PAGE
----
Oldest vestiges are cist tombs from 2,400 BCE and literary, is mentioned in documents found in the Ebla archives of the 3rd millennium BC.

The city became one of the most important centres in the Hittite Empire and reached its apogee around the 11th century BC. While the Hittite empire fell to the Sea Peoples during the Bronze Age collapse, Carchemish survived the attacks to continue to be the capital of an important Neo-Hittite kingdom.

Carchemish is now an extensive set of ruins - 90 hectares, of which 55 lie in Turkey and 35 in Syria. Excavations by the British Museum between 1878 and 1914 uncovered substantial remains of the Assyrian and Neo-Hittite periods, including defensive structures, temples, palaces, and numerous basalt statues and reliefs with Luwian hieroglyphic inscriptions.

Tepe Sialk, Iran

Tepe Sialk, Iran​

Tepe Sialk is a large archeological site (a tepe or Persian tappeh, "hill" or "mound") in a suburb of the city of Kashan.

The Sialk ziggurat was built around the 3000 BC. A joint study between Iran's Cultural Heritage Organization, the Louvre, and the Institut Francais de Recherche en Iran also verifies the oldest settlements in Sialk to date back to 5500–6000 BC.

Susa, Iran

Susa, Iran​

Located near the modern city of Shush, ancient Susa was one of the most important cities in Near East.

Mentioned in the earliest Sumerian records and in the Bible, is one of the oldest settlements in the region. Before 7000 BCE a Neolithic village appeared and around 4395 BCE, a fortified town was founded. Evidence of a painted-pottery civilization has been dated to c 5000 BCE.

Shortly after Susa was first settled 6000 years ago, its inhabitants erected a temple on a monumental platform that rose over the flat surrounding landscape. The exceptional nature of the site is still recognizable today in the artistry of the ceramic vessels that were placed as offerings in a thousand or more graves near the base of the temple platform.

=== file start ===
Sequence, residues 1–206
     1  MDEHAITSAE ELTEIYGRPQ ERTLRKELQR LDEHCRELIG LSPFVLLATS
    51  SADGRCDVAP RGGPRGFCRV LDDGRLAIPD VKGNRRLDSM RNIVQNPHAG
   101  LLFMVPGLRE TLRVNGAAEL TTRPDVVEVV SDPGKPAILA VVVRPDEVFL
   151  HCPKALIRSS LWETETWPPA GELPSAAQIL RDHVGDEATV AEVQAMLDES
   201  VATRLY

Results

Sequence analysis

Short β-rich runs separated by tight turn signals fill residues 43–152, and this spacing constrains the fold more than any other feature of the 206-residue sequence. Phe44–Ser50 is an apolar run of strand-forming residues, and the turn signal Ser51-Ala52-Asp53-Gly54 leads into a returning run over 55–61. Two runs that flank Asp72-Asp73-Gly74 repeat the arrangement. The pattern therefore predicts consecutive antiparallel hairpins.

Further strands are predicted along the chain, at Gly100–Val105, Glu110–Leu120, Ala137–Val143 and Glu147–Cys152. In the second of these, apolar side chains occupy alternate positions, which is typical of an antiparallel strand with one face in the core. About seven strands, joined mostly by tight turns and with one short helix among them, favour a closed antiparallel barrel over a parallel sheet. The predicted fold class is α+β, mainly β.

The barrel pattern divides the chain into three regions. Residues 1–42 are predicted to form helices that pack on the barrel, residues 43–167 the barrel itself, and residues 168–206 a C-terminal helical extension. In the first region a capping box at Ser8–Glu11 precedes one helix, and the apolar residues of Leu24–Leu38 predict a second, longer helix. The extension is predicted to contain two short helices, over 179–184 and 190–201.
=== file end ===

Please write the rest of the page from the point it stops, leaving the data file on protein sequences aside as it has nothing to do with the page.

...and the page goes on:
It was the capital of an Akkadian province until ca. 2240 BCE. Following this, the city was conquered by the neo-Sumerian Ur-III dynasty, and held until Ur finally collapsed at the hands of the Elamites in ca. 2004 BCE. At this time, Susa became an Elamite capital.

In ca. 1175 BCE the Elamites under Shutruk-Nahhunte plundered the original stele bearing the Code of Hammurabi, the world's first known written laws, and took it to Susa. Archeologists found it in 1901.

Assyrian and Persian rules followed, as well as Macedonian, Parthian and again Persian.

Iḏa (modern Izeh), Iran

Iḏa (modern Izeh), Iran​

Thanks to its relatively inaccessible location and the control of a major trade route, Iḏa has been the site of a series of minor, semi-independent local states. Recent archeological surveys show a succession of significant demographic cycles from the 5th millennium BCE to the 14th century CE.

Uruk, Mesopotamia (modern day Iraq)

Uruk, Mesopotamia (modern day Iraq)​

Was an ancient city of Sumer and later Babylonia, situated east of the present bed of the Euphrates river.

Uruk played a leading role in the early urbanization of Sumer in the mid 4th millennium BCE. Founded around 5000 BCE, it reached its apogee in 2900 BCE, when probably had 50,000–80,000 residents living in 6 km², being the biggest city in the world at that time.

In myth and literature, Uruk was famous as the capital city of Gilgamesh, hero of the Epic of Gilgamesh.

The Eanna district of Uruk is historically significant as both writing and monumental public architecture emerge here for the first time in history of humanity, during Uruk periods VI-IV (3400–3100 BC).

The importance of Uruk is that it was the first proper city in the world and the first real civilisation, with a developed hierarchized society, real urban features and the use of an advanced writing system. By starting to have written records, Uruk, as leading city of Sumerians, marked the passage from Prehistory to History in the development of human civilisation.

Through various intermediaries, the city also gave the name to the modern country of Iraq.